When doing laundry with kids, you'll need to go over the laundry basics to prep them for the dirty jobs ahead.
These are the basic concepts any kid will need to succeed in the world of dirty laundry.
The whole process of doing laundry with kids can be broken down into three major steps: getting the dirty clothes to the machine, washing and folding the clothes, and putting the clean clothes away.
Let's talk about each step in doing laundry with kids in turn.
Of course, you have to get the dirty duds off the child, into the laundry basket or hamper, and finally, into the laundry room before any laundry with kids can occur.
Here's how to make it easy for the entire family to get their clothes to the machine, regardless of the school-to-practice or gym-to-work rush they happen to be in:
Place laundry baskets strategically. Provide laundry bins for each bathroom or bedroom for garments needing standard laundering, such as school uniforms and play clothes.
Then, position a "special attention" or "stain" basket on the washing machine for clothes sporting visible drips, drops, or smudges of everything from finger paints to Cross pen leaks.
Less-visible everyday splotches usually come out quite well if you wash as directed with enzyme-containing laundry detergent and bleach if safe for the fabric.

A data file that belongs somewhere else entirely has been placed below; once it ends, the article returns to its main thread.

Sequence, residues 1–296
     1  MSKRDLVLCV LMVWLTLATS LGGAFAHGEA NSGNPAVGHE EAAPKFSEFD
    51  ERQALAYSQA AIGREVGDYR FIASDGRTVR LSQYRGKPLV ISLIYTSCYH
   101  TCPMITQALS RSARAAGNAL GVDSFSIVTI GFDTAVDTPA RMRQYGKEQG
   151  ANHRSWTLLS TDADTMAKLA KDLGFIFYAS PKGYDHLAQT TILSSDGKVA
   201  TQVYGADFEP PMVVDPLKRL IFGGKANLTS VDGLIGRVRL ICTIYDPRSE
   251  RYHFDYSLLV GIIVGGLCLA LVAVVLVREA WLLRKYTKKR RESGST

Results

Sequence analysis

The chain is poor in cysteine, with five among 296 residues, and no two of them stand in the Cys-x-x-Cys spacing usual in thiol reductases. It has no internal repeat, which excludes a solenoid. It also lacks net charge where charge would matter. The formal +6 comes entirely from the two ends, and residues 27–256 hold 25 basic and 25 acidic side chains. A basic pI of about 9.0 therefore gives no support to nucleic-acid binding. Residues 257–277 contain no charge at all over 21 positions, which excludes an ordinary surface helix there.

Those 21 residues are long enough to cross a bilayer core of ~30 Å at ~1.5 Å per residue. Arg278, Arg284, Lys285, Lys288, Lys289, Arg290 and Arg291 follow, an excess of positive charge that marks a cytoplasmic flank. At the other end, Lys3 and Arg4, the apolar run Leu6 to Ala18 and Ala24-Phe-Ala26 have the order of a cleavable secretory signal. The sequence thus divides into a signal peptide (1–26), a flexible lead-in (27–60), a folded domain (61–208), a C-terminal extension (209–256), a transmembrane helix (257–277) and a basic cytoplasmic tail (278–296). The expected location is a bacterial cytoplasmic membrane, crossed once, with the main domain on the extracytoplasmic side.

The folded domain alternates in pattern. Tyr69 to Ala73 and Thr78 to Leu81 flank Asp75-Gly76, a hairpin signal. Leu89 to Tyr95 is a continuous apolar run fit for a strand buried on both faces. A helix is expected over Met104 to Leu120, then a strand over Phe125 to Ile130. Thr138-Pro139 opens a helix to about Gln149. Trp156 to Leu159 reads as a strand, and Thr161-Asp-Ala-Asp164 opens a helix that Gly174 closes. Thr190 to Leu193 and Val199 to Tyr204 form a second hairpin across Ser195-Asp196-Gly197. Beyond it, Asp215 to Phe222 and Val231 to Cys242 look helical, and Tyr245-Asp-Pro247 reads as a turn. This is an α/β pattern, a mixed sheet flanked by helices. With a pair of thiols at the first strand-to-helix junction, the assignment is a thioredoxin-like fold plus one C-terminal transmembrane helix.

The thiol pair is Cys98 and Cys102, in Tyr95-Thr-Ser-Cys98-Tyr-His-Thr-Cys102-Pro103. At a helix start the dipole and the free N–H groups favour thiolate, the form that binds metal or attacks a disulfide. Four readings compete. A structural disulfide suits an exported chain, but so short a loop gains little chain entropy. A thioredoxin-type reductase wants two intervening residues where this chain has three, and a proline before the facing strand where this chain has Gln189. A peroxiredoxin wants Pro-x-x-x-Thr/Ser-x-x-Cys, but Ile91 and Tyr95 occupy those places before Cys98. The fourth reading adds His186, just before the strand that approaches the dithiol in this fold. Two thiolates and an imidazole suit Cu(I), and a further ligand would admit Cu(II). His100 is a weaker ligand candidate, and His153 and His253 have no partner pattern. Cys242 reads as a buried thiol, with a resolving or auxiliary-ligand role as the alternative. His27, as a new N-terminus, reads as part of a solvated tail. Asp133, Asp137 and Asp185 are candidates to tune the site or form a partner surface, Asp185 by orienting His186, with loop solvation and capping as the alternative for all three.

And last, place a "dry cleaning" basket in one of the bathrooms for those items labeled "Dry Clean Only."
End the search for sock mates. Here is my favorite pre-laundry trick for shaving time off the laundering process and removing the "Whose sock is it, anyway?" question.
A few months ago, frustrated to the breaking point by complaints from the troops about getting mismatched or someone else's socks, I instituted the "Clipped Sock Rule."
If dirty socks aren't clipped together with their mates, they go out of the dryer directly into the "homeless sock" basket. No whining allowed.
Before they put their socks into the laundry basket, each family member clips each pair of socks together with a clothespin.
To make identifying the clipped sock pairs easy, I picked up an industrial-size clothespin bag, the kind that comes with four colors of clothespins.
Then I assigned each of us a color: my daughter Lyndsay is blue, I"m yellow, and Chris is red. I'm happy to report that the socks stay clipped together through the wash and dry! What a difference a clip makes!
The tedious matching of socks is history. I have no more complaints about missing socks or misdelivered pairs.
Just about every kid has a favorite item that she's always wearing, making laundering it regularly a bit tricky.
Try reasoning (or mild threats) with older kids. Tell your daughter that if the said item doesn't make it to the basket on laundry day, it will be out of commission for an entire week.